Vascular Stiffness and Its Contribution to Age-Related Disease

The largest cause of human mortality is cardiovascular disease. Further, looking beyond all of the deaths clearly defined as a failure of the cardiovascular system - such as stroke, heart attack, heart failure, and so forth - it is the case that vascular aging contributes to the progressive dysfunction of organs throughout the body, and thus to death by many other causes. Narrowing of blood vessels due to atherosclerosis deprives energy-hungry tissues of the nutrients and oxygen that they need. Stiffness of blood vessel walls disrupts the finely balanced feedback mechanisms that govern blood pressure, giving rise to the chronically raised blood pressure of hypertension. Hypertension in turn causes pressure damage to delicate tissues throughout the body, accelerating the dysfunctions of aging. That "a man is as old as his arteries" is as true in spirit now as it was in the 1600s when Thomas Sydenham first said as much.

What can be done about vascular stiffening? Clearing senescent cells and reducing inflammatory signaling should help with some of the dynamic dysfunction in the smooth muscle responsible for contraction and relaxation of blood vessels. Finding ways to break persistent cross-links in the vascular extracellular matrix will also hopefully prove to be useful. The real challenge will be restoration of elastin and its relationship with collagen in the extracellular matrix, as elastin is largely only deposited during the developmental period of life. The structure of elastin is complex and the details of that complexity matter when it comes to the structural properties of tissue, such as elasticity. This likely means that sophisticated control over the cell populations capable of depositing elastin will be needed in order to rejuvenate the extracellular matrix in this way, and all too little work in that direction has been undertaken to date.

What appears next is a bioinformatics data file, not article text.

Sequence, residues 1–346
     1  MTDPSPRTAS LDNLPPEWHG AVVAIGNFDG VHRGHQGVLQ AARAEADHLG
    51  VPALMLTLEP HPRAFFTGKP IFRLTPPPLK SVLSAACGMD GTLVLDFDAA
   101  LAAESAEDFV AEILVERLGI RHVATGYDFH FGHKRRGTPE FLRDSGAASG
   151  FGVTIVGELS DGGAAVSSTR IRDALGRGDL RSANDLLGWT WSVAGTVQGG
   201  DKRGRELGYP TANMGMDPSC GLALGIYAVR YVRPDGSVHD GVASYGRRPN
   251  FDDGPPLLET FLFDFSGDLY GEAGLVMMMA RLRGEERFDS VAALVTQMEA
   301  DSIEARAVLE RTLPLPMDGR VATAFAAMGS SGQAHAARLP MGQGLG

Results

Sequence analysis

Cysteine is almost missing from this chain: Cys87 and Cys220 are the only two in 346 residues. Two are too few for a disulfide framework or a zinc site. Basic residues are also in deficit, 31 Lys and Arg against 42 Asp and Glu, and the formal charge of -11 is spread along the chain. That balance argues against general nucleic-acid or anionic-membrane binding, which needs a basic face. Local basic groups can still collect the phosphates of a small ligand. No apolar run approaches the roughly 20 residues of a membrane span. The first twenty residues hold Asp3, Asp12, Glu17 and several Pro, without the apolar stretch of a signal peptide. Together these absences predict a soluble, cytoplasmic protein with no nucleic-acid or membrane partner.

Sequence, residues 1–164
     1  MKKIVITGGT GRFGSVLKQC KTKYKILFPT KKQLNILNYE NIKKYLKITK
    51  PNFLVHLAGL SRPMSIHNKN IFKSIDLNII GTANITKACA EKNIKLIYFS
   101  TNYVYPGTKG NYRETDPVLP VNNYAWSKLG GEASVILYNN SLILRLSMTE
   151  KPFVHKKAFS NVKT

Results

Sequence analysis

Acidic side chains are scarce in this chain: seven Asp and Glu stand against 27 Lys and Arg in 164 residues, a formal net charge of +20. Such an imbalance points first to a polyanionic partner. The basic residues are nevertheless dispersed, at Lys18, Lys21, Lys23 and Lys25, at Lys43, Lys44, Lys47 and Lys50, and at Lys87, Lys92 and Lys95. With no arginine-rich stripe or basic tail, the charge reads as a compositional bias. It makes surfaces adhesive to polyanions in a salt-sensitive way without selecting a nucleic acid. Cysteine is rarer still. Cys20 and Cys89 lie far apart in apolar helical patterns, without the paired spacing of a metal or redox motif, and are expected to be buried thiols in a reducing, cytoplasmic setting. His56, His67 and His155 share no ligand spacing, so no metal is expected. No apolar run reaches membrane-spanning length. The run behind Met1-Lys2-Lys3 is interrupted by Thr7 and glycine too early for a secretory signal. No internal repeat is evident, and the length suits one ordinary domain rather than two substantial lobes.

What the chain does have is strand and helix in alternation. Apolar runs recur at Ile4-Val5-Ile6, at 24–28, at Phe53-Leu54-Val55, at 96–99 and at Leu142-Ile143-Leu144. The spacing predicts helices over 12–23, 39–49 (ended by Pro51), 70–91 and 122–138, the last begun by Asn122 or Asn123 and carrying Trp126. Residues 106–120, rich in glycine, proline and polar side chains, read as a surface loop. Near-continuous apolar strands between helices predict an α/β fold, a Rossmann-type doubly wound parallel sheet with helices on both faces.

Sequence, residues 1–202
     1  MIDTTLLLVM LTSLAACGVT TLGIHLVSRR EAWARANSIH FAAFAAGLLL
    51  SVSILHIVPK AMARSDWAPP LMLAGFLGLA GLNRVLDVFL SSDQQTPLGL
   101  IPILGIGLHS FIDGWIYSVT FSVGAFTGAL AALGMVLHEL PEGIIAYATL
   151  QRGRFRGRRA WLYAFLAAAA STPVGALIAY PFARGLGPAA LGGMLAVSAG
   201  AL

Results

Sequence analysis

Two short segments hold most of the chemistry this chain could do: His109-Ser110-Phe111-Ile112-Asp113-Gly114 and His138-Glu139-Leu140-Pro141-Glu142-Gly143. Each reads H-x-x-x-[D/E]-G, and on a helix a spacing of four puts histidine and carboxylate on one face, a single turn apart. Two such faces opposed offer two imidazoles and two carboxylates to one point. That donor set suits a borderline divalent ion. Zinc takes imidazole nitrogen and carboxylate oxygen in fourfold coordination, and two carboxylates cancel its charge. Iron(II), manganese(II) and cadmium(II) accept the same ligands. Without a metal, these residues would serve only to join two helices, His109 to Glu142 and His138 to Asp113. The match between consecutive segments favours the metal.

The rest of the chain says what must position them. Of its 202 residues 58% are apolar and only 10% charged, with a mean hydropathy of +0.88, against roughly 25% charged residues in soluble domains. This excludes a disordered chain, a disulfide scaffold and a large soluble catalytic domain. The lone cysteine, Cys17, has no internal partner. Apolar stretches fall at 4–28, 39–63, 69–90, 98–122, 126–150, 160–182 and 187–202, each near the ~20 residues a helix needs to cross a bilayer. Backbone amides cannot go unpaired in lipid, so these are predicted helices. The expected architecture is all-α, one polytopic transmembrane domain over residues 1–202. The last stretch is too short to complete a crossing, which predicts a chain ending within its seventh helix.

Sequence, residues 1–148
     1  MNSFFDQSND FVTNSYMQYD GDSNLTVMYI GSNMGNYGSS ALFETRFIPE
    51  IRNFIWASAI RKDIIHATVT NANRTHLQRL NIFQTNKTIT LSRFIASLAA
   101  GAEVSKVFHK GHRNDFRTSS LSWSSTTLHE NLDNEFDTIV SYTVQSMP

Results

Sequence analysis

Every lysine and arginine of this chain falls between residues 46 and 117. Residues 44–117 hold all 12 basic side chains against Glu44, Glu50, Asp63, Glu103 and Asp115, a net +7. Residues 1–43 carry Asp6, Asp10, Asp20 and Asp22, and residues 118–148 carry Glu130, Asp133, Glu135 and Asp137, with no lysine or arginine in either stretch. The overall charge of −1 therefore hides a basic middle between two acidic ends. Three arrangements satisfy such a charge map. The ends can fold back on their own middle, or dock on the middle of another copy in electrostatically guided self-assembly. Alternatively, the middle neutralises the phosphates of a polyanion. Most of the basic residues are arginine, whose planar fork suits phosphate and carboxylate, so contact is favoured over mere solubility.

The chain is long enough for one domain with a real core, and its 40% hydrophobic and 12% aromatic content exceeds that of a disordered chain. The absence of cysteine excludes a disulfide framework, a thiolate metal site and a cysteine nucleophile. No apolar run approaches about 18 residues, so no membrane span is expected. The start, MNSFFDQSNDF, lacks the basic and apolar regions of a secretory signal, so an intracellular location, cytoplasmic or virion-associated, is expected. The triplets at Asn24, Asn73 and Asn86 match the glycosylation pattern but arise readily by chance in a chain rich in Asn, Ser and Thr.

Vascular Stiffness in Aging and Disease

The mechanisms of increased stiffness in aging are both extracellular and cellular. The three main aortic wall components, elastin, collagen, and smooth muscle cells, vary along the length of the aortic tree. With aging, these components of the aortic wall are altered. The number of elastic fibers and smooth muscle cells in the tunica media decrease, while collagen fibers increase with advancing age. The number of smooth muscle cells in the tunica media decreases with age and vascular smooth muscle cell migration from the tunica media thickens the intima.

The most important mechanism studied as a cause of age-related increases in vascular stiffness is alteration in the extracellular matrix (ECM), resulting from an increase in collagen and decrease in elastin. The ECM is composed of a complex network of different matrix proteins, metalloproteases, and glycosaminoglycans, which are also responsible for the structural integrity of the vasculature, and therefore contribute to its stiffness. Collagen is a very stiff protein with the function of limiting vessel elasticity and distension, and is therefore fundamental to defining the stiffness of the arterial wall. Collagen deposition throughout the vasculature increases with age, which alters the normal ECM network. This has been shown to occur in the intima, media, and adventitia of the vessel wall leading to substantial changes in its morphology and function. In addition to increased collagen deposition, there is also increased non-enzymatic glycation. This is also responsible for age-related increases in arterial stiffness, as it induces collagen cross-linking, which increases stiffness.